Under the Lend-Lease agreement with the US during WWII, the Soviet Union received large quantities of war materiel, including many aircraft; the Bell P-39 Airacobra takes a special place among them. The P-39 was dismissed as hardly suitable for combat both by the US and England, who turned it over in large numbers to the USSR. Soviet pilots had different views, though, and achieved excellent results while flying the type; more than twenty Soviet aces flew the P-39. As air combat over the Russian front was conducted mostly at low altitudes, the P-39 came into its own. Innovative tactics and motivation, coupled with the P-39's sturdy construction and adequate firepower, proved successful for the Soviets. The P-39 was in Soviet service since 1942; nearly 5,000 were supplied and used on the Soviet-German front, along with 2,400 P-63 Kingcobras, which saw only limited action against Japan at the close of the war. This detailed, illustrated history features many color side views and previously unpublished photographs.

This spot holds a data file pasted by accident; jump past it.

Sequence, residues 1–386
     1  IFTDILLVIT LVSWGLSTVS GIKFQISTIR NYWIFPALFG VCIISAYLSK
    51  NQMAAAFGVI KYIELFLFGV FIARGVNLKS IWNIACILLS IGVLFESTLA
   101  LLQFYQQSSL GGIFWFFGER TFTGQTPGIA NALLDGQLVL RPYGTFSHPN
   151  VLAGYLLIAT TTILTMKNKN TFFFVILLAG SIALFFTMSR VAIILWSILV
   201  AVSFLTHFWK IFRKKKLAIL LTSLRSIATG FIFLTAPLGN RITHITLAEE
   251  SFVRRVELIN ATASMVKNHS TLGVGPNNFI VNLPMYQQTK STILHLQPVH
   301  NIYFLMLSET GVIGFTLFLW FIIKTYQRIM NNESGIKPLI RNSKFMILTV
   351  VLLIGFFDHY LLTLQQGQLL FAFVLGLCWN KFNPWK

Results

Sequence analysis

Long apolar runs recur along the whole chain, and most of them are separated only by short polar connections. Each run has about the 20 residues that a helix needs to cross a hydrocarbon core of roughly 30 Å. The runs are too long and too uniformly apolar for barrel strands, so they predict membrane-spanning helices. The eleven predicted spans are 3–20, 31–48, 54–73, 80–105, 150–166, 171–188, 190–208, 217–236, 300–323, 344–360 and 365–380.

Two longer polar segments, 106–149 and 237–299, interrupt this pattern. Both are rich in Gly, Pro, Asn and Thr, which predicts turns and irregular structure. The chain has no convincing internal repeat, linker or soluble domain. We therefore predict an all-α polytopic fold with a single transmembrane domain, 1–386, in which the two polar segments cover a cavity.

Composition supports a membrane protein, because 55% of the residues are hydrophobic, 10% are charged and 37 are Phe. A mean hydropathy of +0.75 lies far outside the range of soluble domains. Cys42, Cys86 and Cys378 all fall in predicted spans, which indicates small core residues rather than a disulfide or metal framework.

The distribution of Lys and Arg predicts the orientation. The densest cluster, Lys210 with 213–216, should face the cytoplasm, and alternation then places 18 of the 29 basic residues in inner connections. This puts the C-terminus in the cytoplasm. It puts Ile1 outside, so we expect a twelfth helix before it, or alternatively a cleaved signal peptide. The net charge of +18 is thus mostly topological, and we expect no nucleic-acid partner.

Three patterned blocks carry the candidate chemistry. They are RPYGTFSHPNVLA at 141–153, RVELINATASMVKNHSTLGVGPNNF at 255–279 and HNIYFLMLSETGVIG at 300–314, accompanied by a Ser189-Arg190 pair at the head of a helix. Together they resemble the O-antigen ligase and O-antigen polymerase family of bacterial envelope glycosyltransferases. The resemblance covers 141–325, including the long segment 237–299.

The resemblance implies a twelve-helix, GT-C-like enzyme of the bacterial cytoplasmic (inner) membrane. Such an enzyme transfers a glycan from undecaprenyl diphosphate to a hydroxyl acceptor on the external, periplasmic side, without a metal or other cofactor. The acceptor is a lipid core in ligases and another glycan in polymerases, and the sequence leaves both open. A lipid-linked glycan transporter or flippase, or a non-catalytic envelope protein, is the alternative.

Yefim Gordon is an aviation journalist and photographer who has been researching Soviet/Russian aviation history for more than forty years. He has authored and coauthored more than 120 books on the subject and published hundreds of features and photographs in Russian and foreign aviation magazines. Sergey Komissarov is editor-in-chief of Kryl?a Rodiny (Wings of the Motherland) magazine and a researcher of aviation history. He is the author/co-author of more than twenty books and numerous magazine features on Soviet/Russian aviation. Dmitriy Komissarov is a translator and journalist whose work has been associated with aviation since 1993. He has translated or authored/coauthored more than seventy books on Soviet/Russian aircraft and written numerous features for Russian and foreign aviation magazines.